The understated works in The Day Before series show times of deep reflection before critical events in women’s lives.
The concept for this photographic series arose as a reaction, when numerous people in the artist’s circles decided to alter their marital status. Orłowska was interested in the thoughts and feelings that might have accompanied those turning points – a mixture of uncertainty and hope; a chance to see yourself in a new light and realise the consequences of current or past decisions.
Orłowska’s photographs are staged, simultaneously reproducing fragments of reality while fantasising on the theme. She has approached the task like a film: preparing storyboards, finding the right locations, arranging the lighting, and selecting her models. The photographs feature young women, as well as the artist herself.
The above photograph shows a scene shot in a house at night, perhaps after a party or some other special occasion. A woman is washing up, alone in an empty kitchen with balloons lying on the floor. The warm lamp-lit atmosphere is contrasted by the cold whiteness from the open refrigerator. Orłowska has caught a momentary lull in the hubbub, possibly an escape from the anticipated paradise, like in Lars von Trier’s Melancholia. The picture captures a moment of dawning realisation; the kind that might strike you when doing the housework.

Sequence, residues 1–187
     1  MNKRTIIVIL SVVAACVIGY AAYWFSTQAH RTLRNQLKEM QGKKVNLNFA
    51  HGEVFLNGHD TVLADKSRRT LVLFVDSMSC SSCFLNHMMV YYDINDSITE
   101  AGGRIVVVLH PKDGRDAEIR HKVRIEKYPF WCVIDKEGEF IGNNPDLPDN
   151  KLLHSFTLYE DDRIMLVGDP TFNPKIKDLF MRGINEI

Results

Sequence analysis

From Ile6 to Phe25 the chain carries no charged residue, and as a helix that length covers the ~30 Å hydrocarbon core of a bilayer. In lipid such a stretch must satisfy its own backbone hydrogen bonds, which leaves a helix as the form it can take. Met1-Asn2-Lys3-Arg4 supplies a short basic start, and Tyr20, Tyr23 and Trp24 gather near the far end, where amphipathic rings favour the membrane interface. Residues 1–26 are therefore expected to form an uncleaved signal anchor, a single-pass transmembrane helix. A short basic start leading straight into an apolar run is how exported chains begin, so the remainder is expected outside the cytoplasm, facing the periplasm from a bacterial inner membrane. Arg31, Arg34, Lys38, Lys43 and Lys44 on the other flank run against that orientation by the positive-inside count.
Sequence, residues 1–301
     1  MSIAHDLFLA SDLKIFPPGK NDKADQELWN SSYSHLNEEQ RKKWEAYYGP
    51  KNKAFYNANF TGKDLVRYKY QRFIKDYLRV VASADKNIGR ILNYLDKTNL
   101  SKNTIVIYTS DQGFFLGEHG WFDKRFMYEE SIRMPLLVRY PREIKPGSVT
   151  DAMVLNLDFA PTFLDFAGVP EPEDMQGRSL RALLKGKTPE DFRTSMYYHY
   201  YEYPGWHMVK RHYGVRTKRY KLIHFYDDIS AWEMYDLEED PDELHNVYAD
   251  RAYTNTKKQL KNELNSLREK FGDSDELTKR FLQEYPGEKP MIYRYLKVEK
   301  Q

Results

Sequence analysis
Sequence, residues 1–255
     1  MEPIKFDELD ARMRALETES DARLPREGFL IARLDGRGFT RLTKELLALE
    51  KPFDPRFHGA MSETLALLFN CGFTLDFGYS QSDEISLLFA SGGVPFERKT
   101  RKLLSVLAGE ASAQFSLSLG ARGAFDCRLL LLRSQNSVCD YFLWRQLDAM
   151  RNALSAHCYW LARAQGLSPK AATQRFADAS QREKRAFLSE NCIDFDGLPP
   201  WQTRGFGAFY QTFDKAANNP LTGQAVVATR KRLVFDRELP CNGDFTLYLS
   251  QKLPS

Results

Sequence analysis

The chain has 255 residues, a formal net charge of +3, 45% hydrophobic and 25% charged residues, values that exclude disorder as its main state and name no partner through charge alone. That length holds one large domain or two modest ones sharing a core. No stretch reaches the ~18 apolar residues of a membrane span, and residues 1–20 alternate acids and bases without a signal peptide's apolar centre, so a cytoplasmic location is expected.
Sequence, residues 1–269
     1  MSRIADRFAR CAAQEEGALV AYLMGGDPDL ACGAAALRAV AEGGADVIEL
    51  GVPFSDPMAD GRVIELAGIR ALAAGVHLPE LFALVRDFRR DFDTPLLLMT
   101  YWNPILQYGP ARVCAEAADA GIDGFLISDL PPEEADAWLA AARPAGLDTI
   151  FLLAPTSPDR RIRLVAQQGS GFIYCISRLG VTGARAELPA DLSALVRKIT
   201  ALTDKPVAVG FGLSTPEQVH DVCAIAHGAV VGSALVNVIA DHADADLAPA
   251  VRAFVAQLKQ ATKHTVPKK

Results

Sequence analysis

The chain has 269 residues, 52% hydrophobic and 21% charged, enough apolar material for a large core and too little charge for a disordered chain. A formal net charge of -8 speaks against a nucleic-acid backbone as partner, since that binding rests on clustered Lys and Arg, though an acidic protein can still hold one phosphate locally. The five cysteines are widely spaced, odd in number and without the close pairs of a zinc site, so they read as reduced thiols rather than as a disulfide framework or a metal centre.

Orłowska’s works depict women at pivotal moments and hint at a continuation, but these stories are unfinished; stills from a non-existent film. By dwelling on doubts and ideas that crop up before weddings and births, Orłowska refers to the societal roles adopted by women, and leaves them room to wonder.
Originally written in Polish, translated by MB, Nov 2018
This text is part of the project Metaphors of Independence: Poland In 100 Photos.
To coincide with the centenary of Poland regaining its independence, we have created a selection of photographs that allow us to understand both yesterday and today. A hundred photographs but so much more. Find out more.